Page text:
Russia's state-run television channels are not known for their impartiality.
Their coverage of the massive pro-European protests that have engulfed Ukraine is no exception, analysts say.
Russian state television has been churning out what critics describe as misleading, at times downright odd reports since protests erupted almost two weeks ago in Ukraine against President Viktor Yanukovych's decision to walk away from a key association deal with the European Union.
On December 8, as hundreds of thousands of angry demonstrators flooded Kiev's Independence Square to call for the government's sacking—felling a statue of Soviet leader Vladimir Lenin in the process—Russia's Channel One reported that "only a few hundred people" had turned out and assured viewers that the protests were "dying out."
Russian television reporters have spared no efforts to portray the protesters as a horde of hooligans funded by the West to topple Yanukovych and sow chaos in Ukraine.
"State channels have been shifted into combat mode, it's particularly clear and striking this time," Aleksandr Melman, a television critic for the Russian daily Moskovsky Komsomolets, says. "People have received their assignment and are trying hard because they understand that this is the Kremlin's uncompromising stance and that there cannot be any halftones or compromises."
In Ukraine, demonstrators are not amused. Ukrainian journalist Vitaly Sedyuk on December 8 interrupted Rossiya 24's live coverage from Independence Square to present the Russian channel—and star anchor, Dmitry Kiselyov—with an "Oscar" for broadcasting what he described as "nonsense and lies" about the mass protests.
"Here's an Oscar for your channel and for Dmitry Kiselyov, for nonsense and lies in live broadcast," Sedyuk mocked. "We love Russians, but not how you are covering this."
Rossiya 24's reporter, Artyom Kol, eventually succeeded in pushing Sedyuk out of the frame. Kol then proceeded to describe the crowd's chants of "Shame on you!" and "Tell the truth!" in Ukrainian as "propaganda" aimed at pressuring his channel into showing only positive coverage of the demonstrations.
Kiselyov, a top television personality who was tapped on December 9 to lead a new state-run media conglomerate, has been spearheading Russia's information campaign against the protests.
"What Kiselyov has been up to over the past two weeks is a piece of work," Melman says. "Yesterday, he descended into complete lies and manipulation. Even Soviet propagandists did not allow themselves such comments. He is really an extreme case; others do it in a more acceptable manner. Channel One is a little more subtle."
In a particularly vitriolic 20-minute report aired December 8 on the state-controlled Rossiya 1 channel, Kiselyov described Ukrainian opposition leader and world heavyweight boxing champion Vitali Klitschko and his brother Vladimir as gay icons.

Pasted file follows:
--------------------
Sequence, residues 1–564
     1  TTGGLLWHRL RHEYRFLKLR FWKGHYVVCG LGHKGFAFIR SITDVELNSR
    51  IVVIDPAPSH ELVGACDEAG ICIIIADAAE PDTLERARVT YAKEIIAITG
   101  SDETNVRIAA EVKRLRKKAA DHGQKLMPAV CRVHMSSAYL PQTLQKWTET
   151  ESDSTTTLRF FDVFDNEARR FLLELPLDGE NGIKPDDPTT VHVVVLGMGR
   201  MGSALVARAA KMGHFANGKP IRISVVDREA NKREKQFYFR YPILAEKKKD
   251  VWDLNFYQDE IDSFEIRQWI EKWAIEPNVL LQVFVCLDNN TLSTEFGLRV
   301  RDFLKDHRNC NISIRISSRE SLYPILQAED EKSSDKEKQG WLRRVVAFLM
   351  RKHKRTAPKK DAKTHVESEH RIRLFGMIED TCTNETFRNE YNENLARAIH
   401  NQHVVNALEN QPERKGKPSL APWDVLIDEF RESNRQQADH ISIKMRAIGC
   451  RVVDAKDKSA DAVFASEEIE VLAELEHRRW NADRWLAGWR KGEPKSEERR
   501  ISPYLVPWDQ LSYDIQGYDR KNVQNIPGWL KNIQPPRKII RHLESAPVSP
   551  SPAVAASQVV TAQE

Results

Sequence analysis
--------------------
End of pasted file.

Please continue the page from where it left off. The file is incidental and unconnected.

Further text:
He went on to explain how demonstrators camped out on Independence Square survived on warm lard heated on burn barrels and used "ancient African military techniques" against police. He also accused them of depriving law-abiding Kiev residents of a proper Christmas by dismantling the giant artificial tree erected for the festive season. "The protesters barbarically dismembered the green beauty and used her to build barricades," Kiselyov said. "Under the slogan 'Ukraine is Europe,' life in central Kiev is becoming more and more archaic."
Just days before, Kiselyov had appeared in another television program in which he used footage from a Swedish children's series about bodily functions to disparage Europe and Ukraine's EU ambitions. He insisted that the children's program—which features an orchestra of backsides dressed in hats, glasses, and ties—showed "European values in all their glory" and charged that "early sex from the age of 9" was the norm in Sweden.
Kiselyov, however, doesn't hold a monopoly on bizarre coverage of the political turmoil in Ukraine. Rossiya 24 channel last week ran a whole segment in which weather forecaster Vadim Zavodchenkov blamed the demonstrations on the onset of winter, noting that the 2004 Orange Revolution also started at the time of year.
"It isn't the first time that a sharp deterioration in the political climate in Ukraine coincides with the change in the seasons," Zavodchenkov said. "Maybe this is no coincidence. Scientists at Columbia University in the United States have put forward a bold theory: Bad weather incites people to conflict. And it appears that their Russian colleagues agree with them."
Zavodchenkov advised the protesters to roll up their banners and go home for the sake of their health, warning of "a sharp rise in acute respiratory viral infections in Kiev."
This post appears courtesy of Radio Free Europe/Radio Liberty.